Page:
On the other hand, so much has happened since arriving – far more than the average for four years, if there was such a tracker (“How Many Major Life Moments Tracker” or something of the sort). I met and married Mountaineering Man;  lived in three apartments; had two regular radio features; am currently at my second job; visited Paris, Tuscany, Amalfi Coast, Seville, Brittany, Regensburg, London, Madrid, San Francisco, Los Angeles, Japan, Belfast, Cork, Galway, Mayo and a number of other towns and villages in Ireland since settling here. I’ve been to three wakes, two funerals, two weddings and one baptism. I’ve made dozens of new friends, both Irish and expats, and have chatted with at least 100 taxi drivers.

When you live in Ireland, you gotta (or “hafta” as the Irish would say) talk to the taxi drivers – they know everything.

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Table peeps

As my fellow expat and friend Lily said during our Thanksgiving dinner yesterday evening, our friends are family to us as we don’t have our blood relatives nearby. Whether they know it or not, our mates play a very important role in our lives here – far away from our moms, dads, sisters and brothers back home.

This was the spirit behind what my friends Bill and Sharon dubbed Thanksgivingpolooza, a three-day weekend away in the midlands of Ireland to celebrate a very American holiday. The idea sprung about a couple of months ago, when Mountaineering Man considered who we could invite for this year’s Thanksgiving dinner. Every year we have to choose just a handful of friends, as our space in Dublin simply doesn’t allow for any more. A hunt for a bigger space was launched.

House

After some Google searches and Twitter queries I came across Bishopstown House, a beautifully-restored Georgian estate with multiple bedrooms, two sitting rooms, a roof deck and a massive kitchen. There’s also a private pub and more bedrooms next door in a converted stable house. There is some interesting history behind the building; Michael Jackson chose it to be his Irish estate but he passed away before the refurb was completed. It is now rented out as a holiday home. Sad for the King of Pop, but lucky for us! After a few group emails, I booked it and on Friday we all met up at the property with food, drink and supplies and hunkered down for the weekend. Thanksgivingpolooza 2013 was on!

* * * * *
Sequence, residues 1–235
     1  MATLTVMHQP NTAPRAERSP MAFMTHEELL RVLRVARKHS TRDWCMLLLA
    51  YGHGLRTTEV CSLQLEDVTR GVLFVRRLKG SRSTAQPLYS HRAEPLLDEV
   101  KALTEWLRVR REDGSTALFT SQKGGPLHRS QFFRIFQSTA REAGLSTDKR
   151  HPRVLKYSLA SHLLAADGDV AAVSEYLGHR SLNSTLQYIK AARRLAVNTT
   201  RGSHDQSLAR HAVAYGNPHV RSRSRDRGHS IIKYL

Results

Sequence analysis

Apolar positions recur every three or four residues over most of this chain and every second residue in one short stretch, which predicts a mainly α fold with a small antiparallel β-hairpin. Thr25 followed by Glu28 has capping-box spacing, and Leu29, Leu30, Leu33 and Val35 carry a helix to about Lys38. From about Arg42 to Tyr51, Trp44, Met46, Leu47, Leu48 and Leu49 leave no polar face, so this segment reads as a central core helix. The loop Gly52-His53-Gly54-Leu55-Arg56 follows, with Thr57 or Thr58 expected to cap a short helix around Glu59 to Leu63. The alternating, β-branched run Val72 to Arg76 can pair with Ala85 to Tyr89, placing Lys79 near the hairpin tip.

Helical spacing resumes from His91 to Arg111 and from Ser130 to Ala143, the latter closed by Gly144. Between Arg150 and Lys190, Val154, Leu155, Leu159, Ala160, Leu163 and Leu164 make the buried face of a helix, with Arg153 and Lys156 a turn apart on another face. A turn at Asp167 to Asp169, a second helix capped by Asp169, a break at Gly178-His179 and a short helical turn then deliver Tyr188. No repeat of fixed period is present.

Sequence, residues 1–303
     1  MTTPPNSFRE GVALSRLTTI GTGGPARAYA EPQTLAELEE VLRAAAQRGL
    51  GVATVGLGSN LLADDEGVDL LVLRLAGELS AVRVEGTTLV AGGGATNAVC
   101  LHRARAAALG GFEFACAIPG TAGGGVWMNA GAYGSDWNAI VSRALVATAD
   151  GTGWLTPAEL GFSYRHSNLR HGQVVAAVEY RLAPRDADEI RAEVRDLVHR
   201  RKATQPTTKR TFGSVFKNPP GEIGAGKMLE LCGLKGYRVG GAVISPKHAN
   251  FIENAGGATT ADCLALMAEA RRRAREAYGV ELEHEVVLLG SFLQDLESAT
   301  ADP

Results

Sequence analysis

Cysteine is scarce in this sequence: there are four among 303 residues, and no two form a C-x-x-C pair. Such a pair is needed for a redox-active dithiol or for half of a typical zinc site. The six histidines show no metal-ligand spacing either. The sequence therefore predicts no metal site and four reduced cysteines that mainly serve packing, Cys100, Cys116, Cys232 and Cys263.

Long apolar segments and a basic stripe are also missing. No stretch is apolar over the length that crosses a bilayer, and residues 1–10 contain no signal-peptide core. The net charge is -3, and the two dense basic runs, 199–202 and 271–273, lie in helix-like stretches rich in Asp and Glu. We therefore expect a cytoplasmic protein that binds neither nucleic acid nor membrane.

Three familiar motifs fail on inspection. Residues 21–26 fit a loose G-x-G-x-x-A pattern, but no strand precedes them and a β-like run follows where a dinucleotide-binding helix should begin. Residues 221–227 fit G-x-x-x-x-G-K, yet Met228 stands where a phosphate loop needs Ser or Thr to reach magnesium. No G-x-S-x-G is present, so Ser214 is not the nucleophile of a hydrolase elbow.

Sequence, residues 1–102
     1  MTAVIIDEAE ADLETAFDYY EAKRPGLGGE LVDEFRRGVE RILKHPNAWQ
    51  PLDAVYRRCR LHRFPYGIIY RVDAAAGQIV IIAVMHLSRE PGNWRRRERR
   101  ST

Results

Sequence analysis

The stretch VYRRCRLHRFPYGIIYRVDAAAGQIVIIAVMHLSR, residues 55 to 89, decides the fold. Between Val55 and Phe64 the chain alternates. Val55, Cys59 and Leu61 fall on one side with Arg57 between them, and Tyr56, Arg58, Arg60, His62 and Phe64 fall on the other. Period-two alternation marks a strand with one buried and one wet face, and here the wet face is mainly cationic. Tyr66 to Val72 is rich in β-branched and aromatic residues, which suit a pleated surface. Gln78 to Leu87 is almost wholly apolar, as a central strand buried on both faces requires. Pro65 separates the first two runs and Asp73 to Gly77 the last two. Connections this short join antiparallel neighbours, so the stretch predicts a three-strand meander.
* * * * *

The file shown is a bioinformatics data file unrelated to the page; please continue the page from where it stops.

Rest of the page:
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For the first year I lived in Ireland, I mainly worked from home. While I loved the freedom (making my own schedule, staying in my PJs, etc.) it wasn’t the best way to socialise myself in a new country.

Though I had a small group of friends in Drogheda (where I lived back when I first came here), I was starting to feel pretty lonely working at my dining room table most days with little to no interaction with other human beings. It was so depressing that at one point, I was putting on makeup and getting excited about a trip to Tesco for milk and eggs. At least I could talk to someone, even if the interaction was limited to a 3-minute chat with the check-out lady.

After relocating to Dublin and moving in with Mountaineering Man, I took a job at a digital creative agency in town. As with most agencies, the hours were long which meant that I spent more time with my 50-odd colleagues than I did with MM or anyone else in my personal life.

team

The people who really became my family there was my workgroup – the Social Media team. There were four of us for most of my time there and I was the only female in the bunch. We were a scrappy lot, and I mean that in the best way. Philip – a long-haired thrash metal rocker with a sharp wit and a thick Northern accent – welcomed me into the fold with a typed-up list of recommendations and advice. “Don’t ever, EVER eat at the Bridge Café,” he wrote, referring to the greasy spoon deli and one of the only choices for food near the office.

To this day, I’ve never eaten there – despite the fact that Philip has gone against his own advice and eats there almost DAILY now (“I was wrong about it!” he claims, though I attribute his change of heart to sheer desperation thanks to a lack of decent eateries in the Ringsend area). Philip is the master of the hilarious yet thought-provoking quip (“Some day soon, somebody is going to print a 3D printer on a 3D printer and the universe is going to implode”) – and so-bad-they’re-good jokes.

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Honeymoon 20

Even on the sunniest of days, when the sky and the ocean simultaneously reflect the most radiant shades of blue and the birds chirp away in the full, lush trees and everyone’s showing off their stems in rarely-worn shorts and exposing their bashful big toes in sandals; even on those rare, beautiful Spring days in Dublin, there’s something missing.